Paul McMullan will shine for St Mirren
Rangers’ apparent revival and the overall quality of their performance against St Mirren was the most salient aspects of Friday night’s match, but it would be wrong to overlook Paul McMullan’s contribution. The Buddies’ 19-year-old attacker, signed on a season-long loan from Celtic, set up Cameron Howieson’s fine strike and won his side a penalty after a forceful run through the Rangers defence. St Mirren were second best against the Ibrox club but McMullan’s input certainly caught the eye.
It is not surprising. McMullan had been loaned to Stenhousemuir for the latter half of last season and, in this author’s opinion, was the most exciting player to star for the Warriors in over a decade. McMullan quickly became a talisman for the beleaguered team – while he could not stop them from finishing in ninth place, he was certainly a huge factor in their League 1 survival. His industry, dynamism, speed of thought and bewitching ability on the ball galvanised a mediocre side and carried them through the play-off contest.
Yes, he failed to track Lee Wallace’s run for Rangers’ second goal, there were two or three occasions where his passing was askew, and he ceded possession in silly areas, but the player will learn and develop from this and get better as the campaign goes on. A lack of physicality might prevent him from progressing to the Celtic first team in the long-term, but he will dazzle and delight the St Mirren support this season.
Willie Gibson’s fine form continues
Dumbarton’s 2-1 home win over Hibernian was their first victory over the Edinburgh club since September 1984. Goals from Gregor Buchanan and Willie Gibson secured the Sons the three points and enhanced the team’s billing as the darkest of dark horses for a promotion play-off place. The win was a supreme team effort but Gibson’s decisive strike – a swirling free-kick from 25 yards – was the contest’s sublime moment.
Gibson’s talent has never been in doubt but his capriciousness and single-mindedness has perhaps prevented him from showcasing his ability at a higher level for longer. The player’s career looked to be in a tailspin after leaving Queen of the South in 2013 but after linking up with Stevie Aitken’s Stranraer 12 months ago, he looks rejuvenated. Aitken seems to bring out the best in Gibson – the winger was one of the best players in League 1 last term – and it was no surprise to see the manager take him with him to Dumbarton. Gibson can go onto have another fine campaign this time around.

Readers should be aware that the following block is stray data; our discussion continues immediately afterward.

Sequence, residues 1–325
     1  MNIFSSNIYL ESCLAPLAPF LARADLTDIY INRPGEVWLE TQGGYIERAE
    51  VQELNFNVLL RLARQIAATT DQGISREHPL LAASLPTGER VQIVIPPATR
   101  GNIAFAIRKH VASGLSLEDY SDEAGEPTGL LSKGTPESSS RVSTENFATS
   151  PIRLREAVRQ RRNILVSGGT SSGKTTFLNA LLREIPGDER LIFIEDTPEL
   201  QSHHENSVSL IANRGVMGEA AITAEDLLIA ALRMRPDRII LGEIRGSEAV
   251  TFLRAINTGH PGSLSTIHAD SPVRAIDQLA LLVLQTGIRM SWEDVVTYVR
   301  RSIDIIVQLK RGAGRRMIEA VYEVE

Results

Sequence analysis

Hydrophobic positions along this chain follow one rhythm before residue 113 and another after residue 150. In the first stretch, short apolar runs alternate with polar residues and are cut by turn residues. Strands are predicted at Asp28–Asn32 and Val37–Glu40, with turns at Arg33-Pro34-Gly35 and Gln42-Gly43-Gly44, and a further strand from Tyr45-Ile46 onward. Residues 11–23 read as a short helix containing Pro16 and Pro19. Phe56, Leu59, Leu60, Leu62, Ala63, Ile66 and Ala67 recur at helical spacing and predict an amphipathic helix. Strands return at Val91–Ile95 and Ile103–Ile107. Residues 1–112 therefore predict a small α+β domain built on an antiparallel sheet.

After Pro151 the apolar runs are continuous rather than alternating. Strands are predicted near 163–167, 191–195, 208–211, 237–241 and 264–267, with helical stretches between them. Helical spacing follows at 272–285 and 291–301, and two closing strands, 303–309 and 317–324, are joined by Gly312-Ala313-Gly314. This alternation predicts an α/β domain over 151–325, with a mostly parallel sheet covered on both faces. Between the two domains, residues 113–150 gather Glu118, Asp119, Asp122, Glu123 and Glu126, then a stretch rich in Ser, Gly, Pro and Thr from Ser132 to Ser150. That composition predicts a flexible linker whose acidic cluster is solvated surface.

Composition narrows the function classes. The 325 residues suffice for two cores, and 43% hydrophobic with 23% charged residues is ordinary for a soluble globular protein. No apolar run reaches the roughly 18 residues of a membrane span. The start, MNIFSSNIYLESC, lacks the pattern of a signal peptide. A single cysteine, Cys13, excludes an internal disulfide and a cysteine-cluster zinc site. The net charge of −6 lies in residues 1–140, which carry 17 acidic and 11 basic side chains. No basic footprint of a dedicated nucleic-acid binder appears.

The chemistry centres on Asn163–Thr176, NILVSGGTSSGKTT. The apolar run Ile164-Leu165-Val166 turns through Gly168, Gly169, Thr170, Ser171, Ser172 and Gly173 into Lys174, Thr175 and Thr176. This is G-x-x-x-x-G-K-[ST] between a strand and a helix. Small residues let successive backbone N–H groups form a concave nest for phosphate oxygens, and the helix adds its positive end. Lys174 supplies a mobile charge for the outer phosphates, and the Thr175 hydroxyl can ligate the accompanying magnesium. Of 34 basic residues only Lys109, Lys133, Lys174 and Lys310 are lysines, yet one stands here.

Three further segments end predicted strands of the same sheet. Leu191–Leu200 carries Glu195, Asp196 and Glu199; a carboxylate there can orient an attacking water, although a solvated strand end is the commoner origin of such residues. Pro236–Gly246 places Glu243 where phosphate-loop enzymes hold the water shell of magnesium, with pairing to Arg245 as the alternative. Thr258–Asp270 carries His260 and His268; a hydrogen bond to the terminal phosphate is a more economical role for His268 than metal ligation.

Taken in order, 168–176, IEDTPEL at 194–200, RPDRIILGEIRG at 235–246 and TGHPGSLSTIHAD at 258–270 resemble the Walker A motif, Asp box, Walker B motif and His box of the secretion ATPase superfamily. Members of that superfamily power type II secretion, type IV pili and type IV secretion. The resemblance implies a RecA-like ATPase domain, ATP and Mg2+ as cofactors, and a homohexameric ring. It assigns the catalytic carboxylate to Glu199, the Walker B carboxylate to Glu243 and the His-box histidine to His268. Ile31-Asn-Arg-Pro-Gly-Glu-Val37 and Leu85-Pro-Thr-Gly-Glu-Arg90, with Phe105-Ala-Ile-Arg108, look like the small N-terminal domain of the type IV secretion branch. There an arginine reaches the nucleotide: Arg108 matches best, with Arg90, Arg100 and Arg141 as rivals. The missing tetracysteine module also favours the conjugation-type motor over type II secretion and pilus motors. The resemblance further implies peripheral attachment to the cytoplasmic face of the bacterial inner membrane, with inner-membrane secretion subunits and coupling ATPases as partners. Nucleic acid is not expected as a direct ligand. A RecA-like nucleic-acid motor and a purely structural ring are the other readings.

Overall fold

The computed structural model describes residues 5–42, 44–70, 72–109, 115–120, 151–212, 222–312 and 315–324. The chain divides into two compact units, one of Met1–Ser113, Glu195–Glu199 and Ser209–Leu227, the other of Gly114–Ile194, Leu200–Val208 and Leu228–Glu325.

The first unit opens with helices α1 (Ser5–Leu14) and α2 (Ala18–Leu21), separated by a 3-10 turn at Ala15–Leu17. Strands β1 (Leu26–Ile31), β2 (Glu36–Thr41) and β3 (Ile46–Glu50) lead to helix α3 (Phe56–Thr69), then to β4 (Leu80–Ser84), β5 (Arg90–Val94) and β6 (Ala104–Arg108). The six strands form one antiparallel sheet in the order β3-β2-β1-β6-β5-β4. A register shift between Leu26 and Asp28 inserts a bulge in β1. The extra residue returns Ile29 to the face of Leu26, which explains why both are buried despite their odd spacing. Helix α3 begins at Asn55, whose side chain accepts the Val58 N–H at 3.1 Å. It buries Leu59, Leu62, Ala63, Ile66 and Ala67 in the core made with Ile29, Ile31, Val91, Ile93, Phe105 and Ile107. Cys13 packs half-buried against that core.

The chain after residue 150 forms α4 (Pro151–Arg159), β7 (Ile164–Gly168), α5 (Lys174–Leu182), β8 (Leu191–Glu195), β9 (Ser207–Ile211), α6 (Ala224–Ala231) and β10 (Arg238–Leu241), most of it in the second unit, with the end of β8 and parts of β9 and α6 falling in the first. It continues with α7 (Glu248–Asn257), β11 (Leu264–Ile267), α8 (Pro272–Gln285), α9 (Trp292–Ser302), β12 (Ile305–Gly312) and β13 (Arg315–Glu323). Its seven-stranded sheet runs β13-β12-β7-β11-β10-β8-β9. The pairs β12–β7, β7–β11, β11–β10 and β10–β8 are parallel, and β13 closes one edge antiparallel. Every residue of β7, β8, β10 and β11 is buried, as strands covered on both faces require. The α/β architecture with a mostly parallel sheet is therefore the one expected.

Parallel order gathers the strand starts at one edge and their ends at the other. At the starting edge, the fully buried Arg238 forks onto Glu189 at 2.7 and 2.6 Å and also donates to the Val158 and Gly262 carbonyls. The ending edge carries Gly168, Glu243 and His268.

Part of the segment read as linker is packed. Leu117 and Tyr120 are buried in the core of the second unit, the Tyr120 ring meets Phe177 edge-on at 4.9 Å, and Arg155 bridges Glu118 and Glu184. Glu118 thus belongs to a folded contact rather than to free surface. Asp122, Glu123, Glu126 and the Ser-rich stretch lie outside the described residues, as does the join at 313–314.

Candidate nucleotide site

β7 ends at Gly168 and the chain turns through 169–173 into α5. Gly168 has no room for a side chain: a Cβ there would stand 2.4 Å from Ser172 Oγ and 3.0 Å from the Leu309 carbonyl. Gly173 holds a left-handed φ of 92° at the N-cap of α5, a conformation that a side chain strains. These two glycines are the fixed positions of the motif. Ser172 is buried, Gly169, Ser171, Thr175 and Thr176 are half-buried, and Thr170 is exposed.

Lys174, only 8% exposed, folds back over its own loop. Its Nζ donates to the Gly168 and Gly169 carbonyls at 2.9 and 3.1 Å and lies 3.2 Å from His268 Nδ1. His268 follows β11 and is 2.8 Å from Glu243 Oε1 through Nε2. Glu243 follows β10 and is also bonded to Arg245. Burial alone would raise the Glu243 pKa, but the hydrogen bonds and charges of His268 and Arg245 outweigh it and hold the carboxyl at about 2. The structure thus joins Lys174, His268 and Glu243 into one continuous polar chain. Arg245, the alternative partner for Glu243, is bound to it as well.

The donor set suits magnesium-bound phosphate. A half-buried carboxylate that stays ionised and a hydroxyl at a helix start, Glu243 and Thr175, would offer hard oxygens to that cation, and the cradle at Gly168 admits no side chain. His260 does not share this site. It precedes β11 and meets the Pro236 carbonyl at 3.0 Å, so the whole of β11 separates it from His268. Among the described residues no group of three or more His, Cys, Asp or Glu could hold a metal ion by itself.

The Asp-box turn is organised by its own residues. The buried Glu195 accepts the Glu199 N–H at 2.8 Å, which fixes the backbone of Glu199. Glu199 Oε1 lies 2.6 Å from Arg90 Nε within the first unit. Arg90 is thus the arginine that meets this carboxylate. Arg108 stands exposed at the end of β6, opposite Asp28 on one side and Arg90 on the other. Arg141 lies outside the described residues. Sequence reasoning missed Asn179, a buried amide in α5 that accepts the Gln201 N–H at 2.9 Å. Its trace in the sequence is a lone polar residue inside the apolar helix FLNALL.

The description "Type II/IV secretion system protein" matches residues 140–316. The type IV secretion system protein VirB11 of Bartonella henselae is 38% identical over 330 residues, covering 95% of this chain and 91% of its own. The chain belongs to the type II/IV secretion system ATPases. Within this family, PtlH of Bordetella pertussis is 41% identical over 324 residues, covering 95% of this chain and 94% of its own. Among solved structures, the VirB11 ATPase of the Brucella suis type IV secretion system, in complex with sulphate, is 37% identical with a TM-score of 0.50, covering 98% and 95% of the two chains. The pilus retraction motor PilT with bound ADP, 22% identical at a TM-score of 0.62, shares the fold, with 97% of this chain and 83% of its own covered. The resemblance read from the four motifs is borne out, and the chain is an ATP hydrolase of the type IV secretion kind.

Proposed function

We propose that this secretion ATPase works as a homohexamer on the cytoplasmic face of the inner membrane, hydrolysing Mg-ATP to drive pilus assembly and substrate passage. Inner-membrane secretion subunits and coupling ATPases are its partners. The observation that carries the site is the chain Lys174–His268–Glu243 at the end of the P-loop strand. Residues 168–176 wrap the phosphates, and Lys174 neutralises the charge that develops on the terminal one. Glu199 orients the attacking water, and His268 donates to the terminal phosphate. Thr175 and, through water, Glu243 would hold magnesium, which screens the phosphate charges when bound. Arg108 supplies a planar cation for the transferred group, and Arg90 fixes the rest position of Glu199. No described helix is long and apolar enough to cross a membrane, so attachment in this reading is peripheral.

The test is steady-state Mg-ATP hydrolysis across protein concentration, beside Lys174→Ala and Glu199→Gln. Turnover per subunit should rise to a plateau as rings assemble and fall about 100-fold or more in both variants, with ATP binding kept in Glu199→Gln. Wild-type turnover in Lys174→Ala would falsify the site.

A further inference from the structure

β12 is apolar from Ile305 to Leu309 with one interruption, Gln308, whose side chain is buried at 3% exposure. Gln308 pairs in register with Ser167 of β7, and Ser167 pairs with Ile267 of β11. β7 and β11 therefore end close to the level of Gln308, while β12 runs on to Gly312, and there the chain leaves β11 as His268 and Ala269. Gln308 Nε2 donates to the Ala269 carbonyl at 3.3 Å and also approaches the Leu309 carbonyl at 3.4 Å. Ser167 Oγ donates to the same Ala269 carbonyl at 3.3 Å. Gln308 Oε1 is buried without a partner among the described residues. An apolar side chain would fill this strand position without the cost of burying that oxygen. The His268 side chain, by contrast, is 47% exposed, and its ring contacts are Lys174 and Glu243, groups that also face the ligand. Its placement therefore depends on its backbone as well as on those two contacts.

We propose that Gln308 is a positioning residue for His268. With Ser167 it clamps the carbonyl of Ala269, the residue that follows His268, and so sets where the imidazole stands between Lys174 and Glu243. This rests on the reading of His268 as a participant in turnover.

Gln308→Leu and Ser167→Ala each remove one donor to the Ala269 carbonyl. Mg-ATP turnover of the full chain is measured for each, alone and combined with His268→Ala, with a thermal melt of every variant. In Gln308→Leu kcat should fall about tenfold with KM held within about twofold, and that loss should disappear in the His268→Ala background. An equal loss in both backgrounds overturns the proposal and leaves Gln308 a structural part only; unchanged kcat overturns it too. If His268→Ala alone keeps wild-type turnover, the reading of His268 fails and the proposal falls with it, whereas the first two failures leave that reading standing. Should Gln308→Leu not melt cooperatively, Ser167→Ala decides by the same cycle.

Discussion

Dunfermline Athletic have exorcised the demons
Be afraid… Be very afraid! Dunfermline Athletic are back on the scene and boy, do they mean business. The Pars have played three games, won them all, and scored 15 goals in the process. They look like a thrilling prospect – if these results can be used as a significant barometer for the season ahead, then Allan Johnston’s team should win League 1 by a comfortable margin.
Saturday’s victory over Brechin City was not unexpected – Darren Dods’s side have started the season poorly and look greatly diminished after the defection of key players – but the 6-1 score-line almost certainly was. This was more than a comprehensive bodying, this was more than a statement of intent: Dunfermline Athletic are exorcising the demons of last year.
In 2014-15, the Pars took just two points from Brechin. They struggled against City all season and the final meeting between the teams, a 3-0 shellacking at Glebe Park in the home side’s favour, was one of many humiliations. For years, Dunfermline and Brechin have operated in different footballing echelons and for supporters to watch their team faltering so badly against the country’s more unexceptional opposition must have been shocking. Saturday’s result appears to have restored some sense of equilibrium.
And while a 5-1 League Cup victory over Cowdenbeath will never fully eviscerate the memories of the fateful May afternoon at East End Park in 2013, it does show who’s boss, for now at least.
A-R! A-R-F! A-R-F-C! Okay!
Perhaps the biggest upset of the weekend was Albion Rovers’ sterling 3-0 victory over Ayr United. Going into the game, there was a feeling the teams were a little mismatched – the Vers, whose squad is still perhaps two-thirds from completion, are predicted to spend the season brawling towards the foot of the table, while the Honest Men will likely compete for second or third place – but the outcome was entirely unexpected. Darren Young’s players knocked the ball around with brio and pomp and merited their win.